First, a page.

MARKET – 19 NOVEMBER 2012

Mortgagee-In-Possession, In Receivership, Divorce, Bankruptcy Forces Sale, Bank Repossession, Overseas Vendor Quitting Market, Major Investor Consolidates.

Over the last 25 years I’ve read, watched, analysed, bought, sold and commented on the realities of the real estate market.

When the market was flat and really didn’t do anything for a while, there weren’t too many distressed properties for sale. You’d see the odd one here and there and some agents or salespeople would try and make a big song and dance, but it was generally quiet.

The market took off and a lot of people were making money hand over fist.  When a distressed property came onto the market, there was seemingly NO SHAME in announcing the fact that someone had died, a marriage was in ruins or a business was failing. Nothing was off limits when it came to exposure.

Quick story before I move on to today’s news.

I bought an apartment on the beach in those early days, just before everything went nuts. The sales guy, who had to act for his vendor or seller, and not me, was a moron.

The Unit was advertised at $239,000.00 and had attracted little interest as nothing was really moving at that time.  The very unprofessional salesman, in a last ditch effort to make me sign a contract, divulged that the owner’s business had failed, had been thrown out of the marital home and was living on a mate’s couch.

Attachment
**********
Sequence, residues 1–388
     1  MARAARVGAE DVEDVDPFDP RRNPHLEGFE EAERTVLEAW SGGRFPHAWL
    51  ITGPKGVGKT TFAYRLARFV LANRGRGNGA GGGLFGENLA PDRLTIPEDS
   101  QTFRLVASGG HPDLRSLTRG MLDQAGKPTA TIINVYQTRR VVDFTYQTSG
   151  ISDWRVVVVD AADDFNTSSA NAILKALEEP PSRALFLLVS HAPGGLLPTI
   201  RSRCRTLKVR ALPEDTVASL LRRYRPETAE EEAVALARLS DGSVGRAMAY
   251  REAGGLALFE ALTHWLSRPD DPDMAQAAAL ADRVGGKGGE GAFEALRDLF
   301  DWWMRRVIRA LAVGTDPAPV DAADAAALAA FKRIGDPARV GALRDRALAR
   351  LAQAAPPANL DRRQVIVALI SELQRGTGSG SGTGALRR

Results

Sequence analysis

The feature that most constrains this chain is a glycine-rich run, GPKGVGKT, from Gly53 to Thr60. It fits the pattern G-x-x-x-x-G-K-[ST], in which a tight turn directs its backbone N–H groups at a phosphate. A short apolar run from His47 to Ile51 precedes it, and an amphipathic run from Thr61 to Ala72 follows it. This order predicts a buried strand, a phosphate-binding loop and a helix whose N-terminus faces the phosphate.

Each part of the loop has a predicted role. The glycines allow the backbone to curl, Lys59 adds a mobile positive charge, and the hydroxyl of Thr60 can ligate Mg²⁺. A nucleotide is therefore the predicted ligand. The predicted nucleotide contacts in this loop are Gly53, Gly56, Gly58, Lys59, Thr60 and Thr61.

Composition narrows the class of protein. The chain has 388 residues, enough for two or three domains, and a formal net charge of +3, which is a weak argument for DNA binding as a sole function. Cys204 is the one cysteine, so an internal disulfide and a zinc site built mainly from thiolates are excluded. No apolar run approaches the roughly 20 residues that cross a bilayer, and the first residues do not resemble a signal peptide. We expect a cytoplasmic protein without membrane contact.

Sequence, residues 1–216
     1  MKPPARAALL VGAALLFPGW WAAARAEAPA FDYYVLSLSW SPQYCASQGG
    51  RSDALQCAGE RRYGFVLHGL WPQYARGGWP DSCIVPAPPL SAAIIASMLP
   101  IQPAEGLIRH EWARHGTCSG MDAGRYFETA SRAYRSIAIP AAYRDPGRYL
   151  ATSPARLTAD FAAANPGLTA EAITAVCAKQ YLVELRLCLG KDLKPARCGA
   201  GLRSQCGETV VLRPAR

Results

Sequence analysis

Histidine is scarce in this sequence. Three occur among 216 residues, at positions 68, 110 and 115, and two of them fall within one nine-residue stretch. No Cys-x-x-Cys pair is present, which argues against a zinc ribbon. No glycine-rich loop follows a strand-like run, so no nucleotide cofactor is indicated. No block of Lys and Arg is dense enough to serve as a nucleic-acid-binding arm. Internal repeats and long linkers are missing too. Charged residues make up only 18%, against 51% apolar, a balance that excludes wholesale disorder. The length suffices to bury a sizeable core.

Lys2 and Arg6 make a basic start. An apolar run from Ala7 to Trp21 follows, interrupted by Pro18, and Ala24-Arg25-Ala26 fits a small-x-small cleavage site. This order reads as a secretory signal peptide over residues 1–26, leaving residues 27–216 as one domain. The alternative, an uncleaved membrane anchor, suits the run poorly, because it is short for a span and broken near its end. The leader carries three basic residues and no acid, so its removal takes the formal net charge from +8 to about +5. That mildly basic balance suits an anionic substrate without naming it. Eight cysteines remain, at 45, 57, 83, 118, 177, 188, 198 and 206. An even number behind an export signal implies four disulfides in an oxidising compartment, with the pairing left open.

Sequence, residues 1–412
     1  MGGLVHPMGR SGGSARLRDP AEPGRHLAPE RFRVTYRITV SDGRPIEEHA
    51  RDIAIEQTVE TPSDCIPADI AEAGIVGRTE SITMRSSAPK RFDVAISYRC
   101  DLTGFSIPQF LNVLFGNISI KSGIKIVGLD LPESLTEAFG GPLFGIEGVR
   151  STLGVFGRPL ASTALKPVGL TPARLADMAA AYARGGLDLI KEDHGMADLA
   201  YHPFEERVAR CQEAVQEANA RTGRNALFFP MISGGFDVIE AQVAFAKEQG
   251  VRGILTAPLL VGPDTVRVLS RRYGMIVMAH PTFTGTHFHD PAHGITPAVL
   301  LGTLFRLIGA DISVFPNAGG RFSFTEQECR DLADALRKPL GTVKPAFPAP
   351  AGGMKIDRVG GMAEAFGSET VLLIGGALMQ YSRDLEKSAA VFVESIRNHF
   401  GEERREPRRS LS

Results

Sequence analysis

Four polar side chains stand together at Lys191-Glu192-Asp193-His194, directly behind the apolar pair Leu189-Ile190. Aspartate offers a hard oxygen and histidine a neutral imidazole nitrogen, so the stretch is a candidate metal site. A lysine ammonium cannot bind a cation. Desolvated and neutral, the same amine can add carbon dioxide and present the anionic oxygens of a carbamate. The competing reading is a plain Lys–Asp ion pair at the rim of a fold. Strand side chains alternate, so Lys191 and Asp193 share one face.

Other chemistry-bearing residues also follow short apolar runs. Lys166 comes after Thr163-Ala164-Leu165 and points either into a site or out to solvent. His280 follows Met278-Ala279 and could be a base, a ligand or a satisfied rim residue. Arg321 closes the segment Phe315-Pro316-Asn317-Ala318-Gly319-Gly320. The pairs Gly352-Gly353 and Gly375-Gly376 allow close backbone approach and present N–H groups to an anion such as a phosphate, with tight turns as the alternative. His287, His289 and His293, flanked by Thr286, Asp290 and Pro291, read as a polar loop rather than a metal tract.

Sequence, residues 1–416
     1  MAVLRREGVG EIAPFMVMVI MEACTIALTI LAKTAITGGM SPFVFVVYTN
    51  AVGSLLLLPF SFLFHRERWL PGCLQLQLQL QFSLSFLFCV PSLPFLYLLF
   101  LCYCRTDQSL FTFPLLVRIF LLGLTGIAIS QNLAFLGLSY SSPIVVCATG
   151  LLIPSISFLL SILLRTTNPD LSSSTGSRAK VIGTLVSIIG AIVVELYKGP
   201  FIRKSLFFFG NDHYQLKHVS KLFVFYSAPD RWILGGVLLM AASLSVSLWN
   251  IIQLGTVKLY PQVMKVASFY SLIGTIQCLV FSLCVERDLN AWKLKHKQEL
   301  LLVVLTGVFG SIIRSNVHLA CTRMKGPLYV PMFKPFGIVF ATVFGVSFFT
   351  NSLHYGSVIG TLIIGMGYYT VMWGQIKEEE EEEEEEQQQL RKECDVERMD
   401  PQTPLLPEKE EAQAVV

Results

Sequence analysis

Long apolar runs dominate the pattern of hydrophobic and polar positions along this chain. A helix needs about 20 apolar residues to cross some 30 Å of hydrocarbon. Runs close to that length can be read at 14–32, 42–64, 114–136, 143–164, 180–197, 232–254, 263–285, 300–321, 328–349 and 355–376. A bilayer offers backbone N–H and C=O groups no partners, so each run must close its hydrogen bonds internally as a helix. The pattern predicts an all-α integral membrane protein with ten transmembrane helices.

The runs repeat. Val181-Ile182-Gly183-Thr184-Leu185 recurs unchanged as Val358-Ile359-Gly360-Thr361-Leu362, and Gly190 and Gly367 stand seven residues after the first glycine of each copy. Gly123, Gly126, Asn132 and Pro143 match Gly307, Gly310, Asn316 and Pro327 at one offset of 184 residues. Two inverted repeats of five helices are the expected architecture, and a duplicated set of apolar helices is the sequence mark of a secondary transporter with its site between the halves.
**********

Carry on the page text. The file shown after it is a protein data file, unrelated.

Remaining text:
If I found an agent representing me had divulged that kind of very personal information, my lawyer would’ve been all over them like a rash.  This information was like a goldmine for me!  I made up a set of figures justifying my low offer (statistics, damned lies and statistics) and went to Contract at $120,000.00.  The sales guy went nuts and told me he wouldn’t take the Contract to his vendor.  I reminded him that he MUST under law, present all offers that were made in the form of a contract, especially as I’d attached a cheque for the $12,000.00 deposit.

I eventually bought the Unit for just $141,500.00.

The ONLY reason I thought that such a ridiculous offer stood a chance was the “Intel”, “inside information”, read “extreme breach of trust” the hapless, stupid and unprincipled salesman had given me in his desperate search for a sale.  At a sale price of say $219,000.00 he would’ve made about $2,000.00.  At the contract price he told me he made $1,350.00.  A $650.00 difference for him and $77,500.00 saving for me.

Remember this story when choosing your Agent.  Tell whoever you choose that if they divulge ANY personal information about you to a third party you will sue.

Back to the market.

The number of Mortgagee in Possession and Receiver forced sales is now at alarming levels.  People go through a gut wrenching process before their private homes, commercial properties or businesses are forced onto the market.  They explore every option, refinance, change from principal and interest to interest only, ask the banks for repayment holidays whilst they go through a seasonally difficult trading time.  Sadly, often times it doesn’t work and they’re dispossessed of their assets.

I’ve noticed a real change in the way these properties are being marketed, especially in newspapers.  Gone are the days of “MORTGAGEE IN POSSESSION” being emblazoned across an advertisement, enticing all to come along snare a bargain and profit on someone’s demise.

I have a wee hunch that maybe, just maybe the banks are putting pressure on agents to pull their heads in and be a bit subtle in this area lest we see a backlash and nobody buys anything.